Freelance SEO writer

Quit getting paid peanuts: 10 tips for freelance writers
October 21, 2016 – 12:09 pm

Freelance writer paid peanutsDo you find yourself complaining that your SEO writing clients are cheap and not paying you what you’re worth?

Here’s a reality check.

It’s not your clients’ fault that you’re getting paid peanuts.

It’s yours.

I know, I know – I’m being harsh. But I’m doing it in a loving way. When you’re a freelance SEO writer, you are responsible for your business’ success. If you find yourself begging to be paid $50 for a 500 word post, you need to change your marketing process, pronto.

Here’s how to do it:

– Quit doing what you’ve done before. If you know that marketing yourself on Elance and Odesk is going to get you low-paying gigs, quit relying on them as primary revenue sources. Chances are, the dollar amounts aren’t going to get any better. Instead, create a marketing plan and stick with it. That probably means creeping out of your comfort zone. That’s OK. It’s good for you.

– Pull yourself out of the “I’m doing this for experience” trap. Sure, it’s OK to charge super-low rates when you’re first starting out. After that, you need to do important things like eat and pay your rent. If you think your writing isn’t worth it, your prospects won’t either (and they won’t pay you the fee you want.)

– Take things off the table. Can your prospect pay for some – but not all – of your proposed deliverables? Take something away until you can reach their price point. That way, you’re not discounting your prices – and your prospect gets (almost all) of what they need.

– Find a niche and establish your expertise. Pam Foster – who specializes in pet copywriting – is a great example of someone who has found a profitable niche. She’s the recognized go-to expert within the pet industry (and she can charge for that expertise accordingly.)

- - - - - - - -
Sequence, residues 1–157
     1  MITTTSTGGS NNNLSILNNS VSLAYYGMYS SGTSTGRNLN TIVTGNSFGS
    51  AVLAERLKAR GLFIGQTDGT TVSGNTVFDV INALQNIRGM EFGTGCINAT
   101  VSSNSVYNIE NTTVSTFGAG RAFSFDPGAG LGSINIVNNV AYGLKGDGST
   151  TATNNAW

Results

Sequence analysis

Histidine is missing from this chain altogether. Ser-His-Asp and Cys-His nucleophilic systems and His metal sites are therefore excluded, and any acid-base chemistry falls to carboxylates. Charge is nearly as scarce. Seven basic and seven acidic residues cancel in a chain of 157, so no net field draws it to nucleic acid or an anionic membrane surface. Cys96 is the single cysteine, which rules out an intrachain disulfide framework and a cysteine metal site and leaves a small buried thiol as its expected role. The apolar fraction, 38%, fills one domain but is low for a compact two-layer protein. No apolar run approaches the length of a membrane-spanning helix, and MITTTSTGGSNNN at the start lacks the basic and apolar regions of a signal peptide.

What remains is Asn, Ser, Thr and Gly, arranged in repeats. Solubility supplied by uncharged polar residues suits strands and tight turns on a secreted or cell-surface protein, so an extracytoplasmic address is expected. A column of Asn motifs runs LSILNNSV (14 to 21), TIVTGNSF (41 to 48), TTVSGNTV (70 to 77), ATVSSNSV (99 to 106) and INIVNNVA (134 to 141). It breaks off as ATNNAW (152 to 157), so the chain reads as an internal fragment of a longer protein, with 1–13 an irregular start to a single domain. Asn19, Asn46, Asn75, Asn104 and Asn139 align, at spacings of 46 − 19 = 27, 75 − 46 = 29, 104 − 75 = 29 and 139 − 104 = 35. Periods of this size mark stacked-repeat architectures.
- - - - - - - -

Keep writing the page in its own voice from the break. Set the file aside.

– Learn to say “no.” Does a new prospect want you to do everything for 50 percent less than your stated price? Just say no. Nicely. Practice saying “no” in front of a mirror if needed. Remember, your prospect’s budget issue is not your problem.

– Gather testimonials and case studies. That way, you can prove how you’ve boosted your clients’ bottom lines. You’re selling your value and how you’ll help your clients – so the more documentation you have to back that up, the better.

– Is your niche not making money? Find another one. You may love to work with small business clients – but if they can’t pay your bills, it’s time to let them go.

– Talk to someone who “gets it.” This could be a friend, a mentor or another freelance writer. Explain why you’re raising your rates – and share all the reasons why doing so freaks you out. It’s amazing how less scary something gets when it’s out in the open.

– Learn to say “goodbye” to low-paying clients. Yes, even if you love them. It’s scary to let existing clients go (I’ve been there many times.) But sometimes, we have to let things go to make space for better things in our lives (like better paying clients!)

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